To create a data-driven load test in LoadNinja, attach databanks to individual scripts that your load scenario will run. Then, map databank columns to event parameters as explained above.
LoadNinja supports this type of parameterization for the Keyboard Input events, Select Input events, and web page URLs.
During the load test execution, each script will typically run several times. For each iteration, LoadNinja will pick a databank row and insert column values from this row into event parameters:
By default, LoadNinja picks databank rows randomly. To change this behavior, go to the script recorder Settings and change the value of Run Databank Rows:
Possible options are —
|Random||Default value. LoadNinja will pick random data rows from the databank for each iteration and each virtual user.
During the test run, there is a possibility that multiple users will use the same data at the same time.
Depending on the number of iterations and the number of rows, some rows are used more or less frequently than others. If the number of iterations is significantly larger than the number of rows, each row will be used approximately the same number of times.
For each virtual user, LoadNinja will pick data sequentially for each iteration, that is, the first iteration of a virtual user will use the first databank row, the second iteration will use the second databank row, and so on.
Each virtual user processes the databank on its own, so it means that multiple virtual users may be using the same data at the same time.
At any given time instance, LoadNinja will pick unique data rows for virtual users, so they will never use the same data at the same time.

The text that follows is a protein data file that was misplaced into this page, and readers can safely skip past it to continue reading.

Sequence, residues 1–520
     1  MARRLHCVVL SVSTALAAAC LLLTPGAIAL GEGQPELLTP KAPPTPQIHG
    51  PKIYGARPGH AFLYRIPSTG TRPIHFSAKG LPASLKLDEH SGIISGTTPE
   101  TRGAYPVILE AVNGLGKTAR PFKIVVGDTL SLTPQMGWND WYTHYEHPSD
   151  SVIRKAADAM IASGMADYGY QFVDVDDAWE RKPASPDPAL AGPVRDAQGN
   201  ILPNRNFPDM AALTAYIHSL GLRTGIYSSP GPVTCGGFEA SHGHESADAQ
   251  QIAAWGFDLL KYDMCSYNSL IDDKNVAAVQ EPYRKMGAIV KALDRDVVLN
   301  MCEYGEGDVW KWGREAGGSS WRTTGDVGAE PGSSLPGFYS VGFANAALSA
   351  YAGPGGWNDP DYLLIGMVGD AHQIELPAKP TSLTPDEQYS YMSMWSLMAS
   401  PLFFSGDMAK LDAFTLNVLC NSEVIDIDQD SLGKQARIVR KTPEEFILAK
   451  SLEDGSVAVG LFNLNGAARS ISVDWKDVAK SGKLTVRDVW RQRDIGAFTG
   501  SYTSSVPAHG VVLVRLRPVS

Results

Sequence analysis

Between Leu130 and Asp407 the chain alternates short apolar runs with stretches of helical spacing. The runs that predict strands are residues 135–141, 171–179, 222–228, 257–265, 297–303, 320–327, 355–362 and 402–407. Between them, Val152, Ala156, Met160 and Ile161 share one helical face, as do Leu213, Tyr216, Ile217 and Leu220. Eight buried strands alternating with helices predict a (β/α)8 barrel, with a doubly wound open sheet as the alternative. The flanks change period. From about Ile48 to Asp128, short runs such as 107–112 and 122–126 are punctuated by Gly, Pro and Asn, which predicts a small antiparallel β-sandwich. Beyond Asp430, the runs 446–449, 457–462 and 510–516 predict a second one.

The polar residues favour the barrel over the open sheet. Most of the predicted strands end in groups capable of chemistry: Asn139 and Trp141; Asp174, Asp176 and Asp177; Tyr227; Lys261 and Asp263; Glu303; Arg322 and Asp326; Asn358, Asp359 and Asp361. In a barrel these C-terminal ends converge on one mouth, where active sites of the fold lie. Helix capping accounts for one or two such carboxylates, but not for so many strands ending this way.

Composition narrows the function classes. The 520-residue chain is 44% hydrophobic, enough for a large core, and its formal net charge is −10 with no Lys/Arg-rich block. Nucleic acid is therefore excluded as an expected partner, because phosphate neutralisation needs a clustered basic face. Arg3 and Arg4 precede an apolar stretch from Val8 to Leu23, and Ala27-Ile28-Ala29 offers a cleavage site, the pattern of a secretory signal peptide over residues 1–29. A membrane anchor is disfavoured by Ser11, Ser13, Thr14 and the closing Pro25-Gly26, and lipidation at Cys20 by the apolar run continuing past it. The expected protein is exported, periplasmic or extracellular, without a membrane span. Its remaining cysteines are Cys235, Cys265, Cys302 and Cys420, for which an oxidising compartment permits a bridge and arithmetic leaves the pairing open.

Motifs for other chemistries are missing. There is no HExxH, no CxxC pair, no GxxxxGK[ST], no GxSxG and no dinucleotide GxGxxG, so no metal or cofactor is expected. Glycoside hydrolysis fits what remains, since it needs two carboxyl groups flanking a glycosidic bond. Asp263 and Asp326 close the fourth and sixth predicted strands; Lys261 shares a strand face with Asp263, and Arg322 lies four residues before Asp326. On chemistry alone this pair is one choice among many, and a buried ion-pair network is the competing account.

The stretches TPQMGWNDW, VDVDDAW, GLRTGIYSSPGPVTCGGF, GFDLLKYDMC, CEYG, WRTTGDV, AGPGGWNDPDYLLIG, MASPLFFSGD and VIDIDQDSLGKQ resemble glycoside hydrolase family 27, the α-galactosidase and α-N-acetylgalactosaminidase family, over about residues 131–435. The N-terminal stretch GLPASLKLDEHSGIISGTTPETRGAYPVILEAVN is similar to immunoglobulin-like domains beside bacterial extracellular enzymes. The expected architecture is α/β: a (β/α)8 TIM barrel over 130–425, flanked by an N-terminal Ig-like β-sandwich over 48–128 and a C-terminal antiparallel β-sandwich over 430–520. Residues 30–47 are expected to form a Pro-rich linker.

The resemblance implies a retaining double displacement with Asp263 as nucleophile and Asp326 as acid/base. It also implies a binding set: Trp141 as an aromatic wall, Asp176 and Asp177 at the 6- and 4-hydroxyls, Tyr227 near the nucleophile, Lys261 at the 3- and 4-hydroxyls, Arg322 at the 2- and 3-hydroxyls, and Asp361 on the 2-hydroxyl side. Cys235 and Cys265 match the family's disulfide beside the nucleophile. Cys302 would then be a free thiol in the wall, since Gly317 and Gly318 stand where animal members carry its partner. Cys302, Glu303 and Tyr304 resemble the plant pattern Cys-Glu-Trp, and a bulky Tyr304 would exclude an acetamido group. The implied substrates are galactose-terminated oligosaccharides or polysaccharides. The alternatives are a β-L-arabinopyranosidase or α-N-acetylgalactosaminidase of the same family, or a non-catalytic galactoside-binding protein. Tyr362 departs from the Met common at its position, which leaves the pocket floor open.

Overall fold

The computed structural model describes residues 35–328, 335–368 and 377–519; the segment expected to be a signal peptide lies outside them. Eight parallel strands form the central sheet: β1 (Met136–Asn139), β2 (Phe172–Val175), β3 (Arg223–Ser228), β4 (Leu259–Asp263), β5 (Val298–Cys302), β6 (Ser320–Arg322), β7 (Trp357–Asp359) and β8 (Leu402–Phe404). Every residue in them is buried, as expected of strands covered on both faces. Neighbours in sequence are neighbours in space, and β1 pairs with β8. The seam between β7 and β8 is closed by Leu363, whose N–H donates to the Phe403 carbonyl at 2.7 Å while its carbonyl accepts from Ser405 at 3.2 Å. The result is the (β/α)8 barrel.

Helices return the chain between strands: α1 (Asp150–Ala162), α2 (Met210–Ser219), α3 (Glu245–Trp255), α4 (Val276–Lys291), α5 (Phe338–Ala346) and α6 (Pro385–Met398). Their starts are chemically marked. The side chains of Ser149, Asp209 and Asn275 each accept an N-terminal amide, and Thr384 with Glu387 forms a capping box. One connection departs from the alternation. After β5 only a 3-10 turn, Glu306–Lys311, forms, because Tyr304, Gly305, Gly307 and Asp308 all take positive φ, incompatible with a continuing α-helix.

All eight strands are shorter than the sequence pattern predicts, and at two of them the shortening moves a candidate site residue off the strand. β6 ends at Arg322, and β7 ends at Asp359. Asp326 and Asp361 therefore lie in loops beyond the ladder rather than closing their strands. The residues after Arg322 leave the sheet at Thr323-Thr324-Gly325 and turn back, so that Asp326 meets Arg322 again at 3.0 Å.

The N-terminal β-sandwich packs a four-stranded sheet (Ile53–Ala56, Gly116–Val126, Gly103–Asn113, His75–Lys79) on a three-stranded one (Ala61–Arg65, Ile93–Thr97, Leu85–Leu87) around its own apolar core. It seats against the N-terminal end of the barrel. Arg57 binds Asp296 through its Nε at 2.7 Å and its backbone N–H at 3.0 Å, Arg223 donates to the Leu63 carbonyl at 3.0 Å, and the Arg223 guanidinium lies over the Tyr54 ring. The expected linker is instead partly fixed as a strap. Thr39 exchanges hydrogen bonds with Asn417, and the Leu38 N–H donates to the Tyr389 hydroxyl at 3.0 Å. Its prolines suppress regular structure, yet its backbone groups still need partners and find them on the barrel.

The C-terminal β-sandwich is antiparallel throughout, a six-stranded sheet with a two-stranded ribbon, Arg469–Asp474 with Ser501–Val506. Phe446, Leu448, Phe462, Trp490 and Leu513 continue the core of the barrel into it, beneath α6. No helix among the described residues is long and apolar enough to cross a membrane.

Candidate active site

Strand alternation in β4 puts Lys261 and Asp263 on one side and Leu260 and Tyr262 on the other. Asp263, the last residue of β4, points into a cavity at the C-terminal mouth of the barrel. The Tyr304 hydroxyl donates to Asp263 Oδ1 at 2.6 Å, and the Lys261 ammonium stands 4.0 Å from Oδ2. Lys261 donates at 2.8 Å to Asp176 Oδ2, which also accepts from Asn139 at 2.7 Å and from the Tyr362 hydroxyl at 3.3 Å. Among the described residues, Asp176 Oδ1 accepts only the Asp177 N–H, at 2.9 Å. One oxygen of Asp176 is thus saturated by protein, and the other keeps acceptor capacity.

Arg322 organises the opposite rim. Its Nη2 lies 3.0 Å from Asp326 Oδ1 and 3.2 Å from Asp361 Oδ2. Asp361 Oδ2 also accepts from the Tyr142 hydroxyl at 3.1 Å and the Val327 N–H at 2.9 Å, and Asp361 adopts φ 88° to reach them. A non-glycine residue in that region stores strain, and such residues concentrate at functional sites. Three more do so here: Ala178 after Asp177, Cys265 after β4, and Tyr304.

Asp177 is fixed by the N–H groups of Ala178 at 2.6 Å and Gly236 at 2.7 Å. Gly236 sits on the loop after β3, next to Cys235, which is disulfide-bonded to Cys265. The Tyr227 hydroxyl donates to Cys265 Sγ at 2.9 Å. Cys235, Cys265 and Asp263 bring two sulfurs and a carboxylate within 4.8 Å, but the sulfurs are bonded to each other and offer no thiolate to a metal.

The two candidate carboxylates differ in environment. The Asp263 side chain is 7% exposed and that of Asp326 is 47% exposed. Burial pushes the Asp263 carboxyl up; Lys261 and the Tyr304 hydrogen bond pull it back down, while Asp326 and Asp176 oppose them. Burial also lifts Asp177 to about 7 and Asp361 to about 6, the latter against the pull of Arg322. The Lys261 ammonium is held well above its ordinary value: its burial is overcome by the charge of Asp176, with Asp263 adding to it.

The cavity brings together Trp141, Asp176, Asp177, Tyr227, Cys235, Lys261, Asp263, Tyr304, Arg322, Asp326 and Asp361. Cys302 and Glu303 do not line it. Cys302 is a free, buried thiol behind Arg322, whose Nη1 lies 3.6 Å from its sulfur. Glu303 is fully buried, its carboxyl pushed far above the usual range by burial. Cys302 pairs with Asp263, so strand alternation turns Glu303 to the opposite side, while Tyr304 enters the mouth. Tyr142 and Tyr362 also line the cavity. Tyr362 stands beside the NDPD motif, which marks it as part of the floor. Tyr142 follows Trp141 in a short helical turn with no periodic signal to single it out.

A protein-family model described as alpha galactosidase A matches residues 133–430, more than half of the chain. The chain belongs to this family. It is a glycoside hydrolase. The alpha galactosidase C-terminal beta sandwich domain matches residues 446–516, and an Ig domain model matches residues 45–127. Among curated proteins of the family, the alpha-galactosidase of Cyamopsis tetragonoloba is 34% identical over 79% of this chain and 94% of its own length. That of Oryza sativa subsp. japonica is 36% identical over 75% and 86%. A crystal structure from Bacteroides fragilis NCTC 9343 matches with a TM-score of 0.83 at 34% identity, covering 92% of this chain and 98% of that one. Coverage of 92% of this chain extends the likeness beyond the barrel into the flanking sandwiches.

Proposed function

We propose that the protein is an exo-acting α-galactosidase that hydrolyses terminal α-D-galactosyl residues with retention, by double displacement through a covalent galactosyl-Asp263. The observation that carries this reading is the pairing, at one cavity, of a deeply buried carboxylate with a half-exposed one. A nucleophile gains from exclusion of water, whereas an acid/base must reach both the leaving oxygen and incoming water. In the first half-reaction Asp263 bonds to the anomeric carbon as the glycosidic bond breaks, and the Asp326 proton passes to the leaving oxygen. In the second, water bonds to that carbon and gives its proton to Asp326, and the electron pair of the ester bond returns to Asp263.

The number of databank rows should be equal to or greater than the number of virtual users that will run this script.
To change the databank columns used for events, use the # databank(s) dialog or edit the event parameters directly.
Click # databank(s) on the toolbar.
Click Edit data mapping.
Configure the mapping settings, as you do for the new databanks.
Click Save mapping.
Currently, LoadNinja supports this feature only for Keyboard Input events. For parameterizing URLs and selection inputs, consider creating a mapping while uploading a databank.
In the list of test steps, locate the Keyboard Input event you want to parameterize.
Expand the event parameters and click .
Select or clear the Use Dataset check box, as you see fit.
If Use Databank is selected, select the databank column to take the parameter value from.
LoadNinja stored databanks along with the scripts which use these databanks. After you associated a databank with a script, the # databank(s) button appears on the toolbar.
To associate an extra databank with the script, do the following:
Click # databank(s) on the toolbar.
(Optional) Remove the obsolete databanks by clicking near them.
Click Import another databank.
Click Browse..., locate the new databank and click Next: Define File Format.
Configure the importing settings, as you do for the new databanks. Click Next Review import.
Check the preview. Click Next: Map data to script
If the new databank has a different set of columns, update the event-to-column mappings as required. Click Next: Save mapping.